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Question #1 – Green Card
Can I change my employer once I receive my Green Card or is there a waiting period?
Answer #1 – Our recommendation is that you wait at least six (6) months after receiving your green card before changing employers.
Question #2 – Employment Authorization Document (EAD)
Can my wife apply for a Social Security number if she just received her EAD?
Answer #2 – Yes.
Question #3 – H-1B Nonimmigrant Visa
If I plan to continue working for my employer in the US, at what point should we apply for an H1 extension?
Answer #3 – You should apply for an H1B extension prior to expiration of the visa. You can submit an H1B extension petition six (6) months prior to the expiration of the current visa.
Question #4 – J-1 Visa (Exchange Visitors)
My niece has a J1 visa and some things have occurred and now the sponsor wants to cancel her visa. My question is what is the time period that she has to leave the country without incurring any unlawful presence?
Answer #4 – Considering the circumstances, if your niece’s visa was cancelled, she should make arrangements to leave immediately. If your niece’s visa has expired, which is different – you should speak with a qualified Immigration Attorney.
Question #5 – H-1B Nonimmigrant Visa
What qualifies an organization as H-1B Exempt?
– H1B petitions filed by institutions of higher education, as defined in Section 101(a) of the Higher Education Act of 1965, 20 U.S.C. 1001(a), are exempt from the H1B cap.
– H1B petitions filed by non-profit entities that are related or affiliated to an institution of higher education are exempt from the H1B cap, this category is narrowly construed by the USCIS.
– H1B petitions filed by nonprofit research organizations or governmental research organizations, as defined in 8 CFR 214.2(h)(19)(iii)(C), are exempt from the H1B cap.
Question #6 – Employment Based Immigration
What is the difference between an EB-2 and an EB-3 classification for a Green Card?
Answer #6 – The EB-2 preference classification is open to 3 types of foreign nationals: (1) Exceptional Ability in the Sciences, Arts or Business; (2) Advanced Degree Professionals; (3) Qualified Alien Physicians who will practice medicine in an area of the U.S., which is under served.
The EB-3 classification includes aliens with at least two years of experience as skilled workers; professionals with a baccalaureate degree; and other workers with less skills who can contribute abilities unavailable in the U.S. Skilled workers should have at least two years’ experience, either through hands-on experience or through post-secondary education. Professionals should have either a U.S. bachelor’s degree or a foreign equivalent degree.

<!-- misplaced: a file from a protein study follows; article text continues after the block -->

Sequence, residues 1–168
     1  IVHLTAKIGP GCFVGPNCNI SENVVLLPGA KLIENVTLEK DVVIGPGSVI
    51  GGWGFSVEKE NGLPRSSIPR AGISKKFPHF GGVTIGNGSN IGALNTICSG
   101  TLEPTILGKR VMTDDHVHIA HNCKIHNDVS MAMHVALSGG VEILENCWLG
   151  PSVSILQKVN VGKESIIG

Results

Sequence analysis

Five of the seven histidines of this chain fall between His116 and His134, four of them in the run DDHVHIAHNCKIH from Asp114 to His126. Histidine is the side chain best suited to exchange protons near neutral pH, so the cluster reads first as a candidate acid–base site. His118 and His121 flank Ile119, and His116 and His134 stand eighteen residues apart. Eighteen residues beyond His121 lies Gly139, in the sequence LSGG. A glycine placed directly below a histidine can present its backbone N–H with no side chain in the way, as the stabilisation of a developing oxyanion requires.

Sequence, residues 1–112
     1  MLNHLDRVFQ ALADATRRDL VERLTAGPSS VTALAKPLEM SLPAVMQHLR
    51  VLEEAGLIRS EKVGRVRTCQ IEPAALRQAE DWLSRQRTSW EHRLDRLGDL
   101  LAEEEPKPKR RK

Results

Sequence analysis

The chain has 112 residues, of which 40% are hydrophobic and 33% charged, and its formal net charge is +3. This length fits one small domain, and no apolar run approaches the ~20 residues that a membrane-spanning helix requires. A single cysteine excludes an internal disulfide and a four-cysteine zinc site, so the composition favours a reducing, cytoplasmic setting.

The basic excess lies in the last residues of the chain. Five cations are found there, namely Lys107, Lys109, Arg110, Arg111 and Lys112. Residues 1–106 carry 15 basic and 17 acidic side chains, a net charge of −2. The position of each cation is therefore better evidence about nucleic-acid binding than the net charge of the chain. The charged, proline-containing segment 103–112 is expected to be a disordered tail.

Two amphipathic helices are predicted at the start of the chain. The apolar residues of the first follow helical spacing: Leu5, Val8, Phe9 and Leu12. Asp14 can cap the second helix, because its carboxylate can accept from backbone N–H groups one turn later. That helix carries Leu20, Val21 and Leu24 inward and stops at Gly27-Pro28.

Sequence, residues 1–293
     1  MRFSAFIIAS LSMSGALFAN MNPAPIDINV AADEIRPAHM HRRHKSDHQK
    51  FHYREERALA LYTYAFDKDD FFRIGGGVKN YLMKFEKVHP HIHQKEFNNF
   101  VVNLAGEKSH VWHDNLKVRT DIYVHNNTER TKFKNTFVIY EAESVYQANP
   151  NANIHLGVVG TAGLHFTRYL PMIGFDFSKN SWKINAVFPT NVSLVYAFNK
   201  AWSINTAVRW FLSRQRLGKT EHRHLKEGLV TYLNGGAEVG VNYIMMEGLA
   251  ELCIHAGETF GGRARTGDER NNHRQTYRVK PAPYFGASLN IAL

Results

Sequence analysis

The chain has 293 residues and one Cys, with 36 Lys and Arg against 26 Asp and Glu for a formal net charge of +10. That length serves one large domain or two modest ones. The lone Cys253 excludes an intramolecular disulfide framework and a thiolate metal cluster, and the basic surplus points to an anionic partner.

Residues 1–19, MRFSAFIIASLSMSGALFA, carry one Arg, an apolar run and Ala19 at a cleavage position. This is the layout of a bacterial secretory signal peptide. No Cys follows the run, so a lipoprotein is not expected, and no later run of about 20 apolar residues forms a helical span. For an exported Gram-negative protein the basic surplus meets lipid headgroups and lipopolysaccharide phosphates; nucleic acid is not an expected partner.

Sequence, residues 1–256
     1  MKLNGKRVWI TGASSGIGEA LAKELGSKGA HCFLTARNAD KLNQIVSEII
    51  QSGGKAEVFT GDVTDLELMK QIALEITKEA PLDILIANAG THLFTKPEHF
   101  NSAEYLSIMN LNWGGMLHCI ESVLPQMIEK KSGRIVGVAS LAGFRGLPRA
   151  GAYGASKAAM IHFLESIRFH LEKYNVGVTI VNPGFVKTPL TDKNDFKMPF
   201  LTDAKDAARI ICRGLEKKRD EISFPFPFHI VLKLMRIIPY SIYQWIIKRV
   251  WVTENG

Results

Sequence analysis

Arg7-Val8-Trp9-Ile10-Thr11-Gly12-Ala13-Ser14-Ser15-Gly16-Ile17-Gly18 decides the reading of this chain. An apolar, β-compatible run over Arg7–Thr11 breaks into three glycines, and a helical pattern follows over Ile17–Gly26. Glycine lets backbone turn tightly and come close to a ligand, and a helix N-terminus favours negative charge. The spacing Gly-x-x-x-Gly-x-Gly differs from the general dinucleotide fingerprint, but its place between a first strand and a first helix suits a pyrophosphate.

Question #7 – Visa Interview
If I do not speak English, when I go to my interview for my visa, will a translator be provided for me or will I need to provide one myself?
Answer #7 – It depends upon the type of visa you are applying for and from where you are applying for the visa. Most Consulates have counters were different languages are spoken. If you are applying in the U.S., when you go to your visa interview, you will need to provide a translator for yourself. This translator should not be an interested party in your case.
Question #8 – Criminal Convictions
Will a criminal conviction impair my ability to receive a temporary visa?
Answer #8 – It depends upon the type of criminal conviction. Depending upon the seriousness of the criminal conviction, it is possible to be inadmissible and/or deportable for certain criminal convictions – crimes of moral turpitude, crimes involving domestic violence. You should speak with an Immigration Attorney to further discuss your situation.
Question #9 – Naturalization
Does the government publish the naturalization test questions?
Answer #9 – USCIS publishes a complete list of the 100 civics questions and answers, 10 of which will be asked by a USCIS officer during the naturalization interview. These questions are available in different languages, check with USCIS for a complete listing.
Question #10 – Students and Employment
Can a foreign student obtain employment while studying at a US university?
Answer #10 – Generally, all employment is contingent on remaining within the terms and restrictions of your F-1 visa. There are several categories of employment during the term of your stay as an F-1 student in the United States. To further discuss your specific situation, please contact our office to schedule a consultation.
MVP Law Group would like to thank everyone who contributed a question or comment.
Our next “Immigration Q & A Forum” is scheduled for Friday, February 28, 2020!
Please remember to submit your questions/comments on our H1B Visa Lawyer blog!